A Tale of Grotesque Iconography and Metaphors of Materiality by Cho, Hui-Chin

A Tale of Grotesque Iconography and Metaphors of Materiality by Cho, Hui-Chin

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A Tale of Grotesque Iconography and Metaphors of Materiality by Cho, Hui-Chin

Get to know the artist behind her work

Get to know the artist behind her work

With paintings and sculptures based mainly around grotesque iconographies of babies, Cho Hui Chin hides metaphors in her abstract motifs and frequently uses leathers and furs in her work. Her work is compelling as it is unconventional, but this approach earned her the Cass Art Painting Prize and Steer Price in 2018. Cho's art is a deep reflection on humanity, desire, obsession, and even sadism.

Currently living and working in London, Cho was raised in the multicultural society of Taiwan. She describes it as a blend of Chinese visuals and Japanese culture, undoubtedly having a strong impact on the brilliant but insecure artist. She moved to the UK to enroll at Slade when she was only 18 years old and overcame her bipolar disorder with distorted self-portraits.

Cho is a paradox as she describes herself and her work as "grotesque but serene." As per Cho, her art lends a sense of accomplishment while she's entangled in her insecurities. Interest in death shows itself in her work as Cho frequently explores the relationship between life and death. It reflects in her use of materials like fur and leather as they are sourced from living creatures.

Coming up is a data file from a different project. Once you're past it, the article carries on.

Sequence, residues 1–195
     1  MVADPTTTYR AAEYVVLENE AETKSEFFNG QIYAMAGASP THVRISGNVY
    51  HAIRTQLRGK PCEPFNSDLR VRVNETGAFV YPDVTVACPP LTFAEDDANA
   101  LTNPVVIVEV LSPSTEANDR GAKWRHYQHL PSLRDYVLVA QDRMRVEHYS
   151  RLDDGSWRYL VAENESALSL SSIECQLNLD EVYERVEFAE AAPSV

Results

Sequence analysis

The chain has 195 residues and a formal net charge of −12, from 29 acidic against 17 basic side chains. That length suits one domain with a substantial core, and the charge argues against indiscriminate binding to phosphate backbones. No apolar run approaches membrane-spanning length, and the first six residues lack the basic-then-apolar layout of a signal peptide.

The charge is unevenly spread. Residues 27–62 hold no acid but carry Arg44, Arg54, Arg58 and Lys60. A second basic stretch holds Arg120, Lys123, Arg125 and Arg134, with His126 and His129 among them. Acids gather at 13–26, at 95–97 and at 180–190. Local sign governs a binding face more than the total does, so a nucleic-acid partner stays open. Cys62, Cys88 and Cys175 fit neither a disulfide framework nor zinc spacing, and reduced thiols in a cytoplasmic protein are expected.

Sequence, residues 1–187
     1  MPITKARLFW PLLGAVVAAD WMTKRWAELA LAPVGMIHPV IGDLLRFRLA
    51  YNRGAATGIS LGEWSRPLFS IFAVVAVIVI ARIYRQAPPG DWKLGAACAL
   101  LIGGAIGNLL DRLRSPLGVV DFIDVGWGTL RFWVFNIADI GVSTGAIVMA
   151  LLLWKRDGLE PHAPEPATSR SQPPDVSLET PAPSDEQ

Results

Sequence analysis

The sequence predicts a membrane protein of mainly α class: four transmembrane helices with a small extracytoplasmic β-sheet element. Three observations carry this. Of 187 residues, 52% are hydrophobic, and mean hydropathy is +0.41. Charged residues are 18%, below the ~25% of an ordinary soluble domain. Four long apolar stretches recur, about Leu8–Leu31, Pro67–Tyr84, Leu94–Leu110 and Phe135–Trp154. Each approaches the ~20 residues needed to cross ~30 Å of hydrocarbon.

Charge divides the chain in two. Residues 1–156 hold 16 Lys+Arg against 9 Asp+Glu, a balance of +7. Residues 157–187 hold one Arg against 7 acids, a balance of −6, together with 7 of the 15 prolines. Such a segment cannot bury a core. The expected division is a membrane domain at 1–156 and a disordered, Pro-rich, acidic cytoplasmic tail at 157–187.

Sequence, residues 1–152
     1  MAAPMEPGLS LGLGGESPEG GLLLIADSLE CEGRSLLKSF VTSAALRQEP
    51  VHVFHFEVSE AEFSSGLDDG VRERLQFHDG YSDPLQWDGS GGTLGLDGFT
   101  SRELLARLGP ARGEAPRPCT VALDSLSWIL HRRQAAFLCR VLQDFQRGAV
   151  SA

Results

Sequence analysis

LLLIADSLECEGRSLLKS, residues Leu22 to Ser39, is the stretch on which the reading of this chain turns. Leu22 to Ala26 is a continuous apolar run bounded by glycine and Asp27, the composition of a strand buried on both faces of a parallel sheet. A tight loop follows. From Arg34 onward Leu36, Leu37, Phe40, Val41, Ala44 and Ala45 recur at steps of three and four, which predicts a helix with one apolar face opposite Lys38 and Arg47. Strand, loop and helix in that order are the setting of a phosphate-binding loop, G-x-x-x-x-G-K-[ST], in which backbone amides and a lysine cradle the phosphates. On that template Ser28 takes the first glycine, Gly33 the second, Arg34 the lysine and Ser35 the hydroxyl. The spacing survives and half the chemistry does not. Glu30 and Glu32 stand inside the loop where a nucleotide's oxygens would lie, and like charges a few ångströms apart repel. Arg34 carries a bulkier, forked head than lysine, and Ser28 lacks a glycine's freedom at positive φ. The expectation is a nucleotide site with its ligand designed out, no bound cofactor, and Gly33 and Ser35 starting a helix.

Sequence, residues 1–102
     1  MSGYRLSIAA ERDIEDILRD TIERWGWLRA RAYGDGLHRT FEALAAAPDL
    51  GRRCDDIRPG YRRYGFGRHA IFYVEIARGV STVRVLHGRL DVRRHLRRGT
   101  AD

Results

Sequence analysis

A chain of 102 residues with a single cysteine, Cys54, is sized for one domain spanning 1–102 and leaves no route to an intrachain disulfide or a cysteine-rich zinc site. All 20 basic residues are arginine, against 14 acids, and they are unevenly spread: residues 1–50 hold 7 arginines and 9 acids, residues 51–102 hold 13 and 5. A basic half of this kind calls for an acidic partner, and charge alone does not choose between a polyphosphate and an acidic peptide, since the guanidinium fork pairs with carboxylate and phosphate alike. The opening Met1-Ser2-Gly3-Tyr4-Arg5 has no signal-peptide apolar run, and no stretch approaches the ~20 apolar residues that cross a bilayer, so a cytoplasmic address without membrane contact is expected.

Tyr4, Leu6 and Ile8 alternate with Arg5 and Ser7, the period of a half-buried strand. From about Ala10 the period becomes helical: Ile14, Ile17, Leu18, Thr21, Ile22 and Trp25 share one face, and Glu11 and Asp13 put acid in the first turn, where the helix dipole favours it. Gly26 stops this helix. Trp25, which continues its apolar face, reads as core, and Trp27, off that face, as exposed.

Instead of putting viewers at ease, this bold artist wants to make people feel confused, provoked, and even a little uncomfortable when taking in her work. After all, Cho examines the dark side of the psyche, and she is not afraid of controversy. In fact, she openly presents controversy but in an abstract way. Simply put, she conveys that violence and harsh subjects exist in this world, and we need to accept that fact.

While Cho has had some successful exhibitions, these pieces have been more on the tamer side. Believing an artist should never become too commercial, this innovator understands the importance of stepping outside her comfort zone and challenging her own work, no matter how successful it is. Cho considers this to be her evolution as an artist. 

Speaking of development, Cho is currently earning her Master of Arts in Painting at the Royal College of Art in London. As she continues her education, it will be interesting to see how it affects her work. With her hallmarks being the relationship between materials, incongruous figures, an iconography of infants, and a bizarre yet compelling narrative, the 27-year-old artist has secured a place in the art world that even those much older than her would envy.

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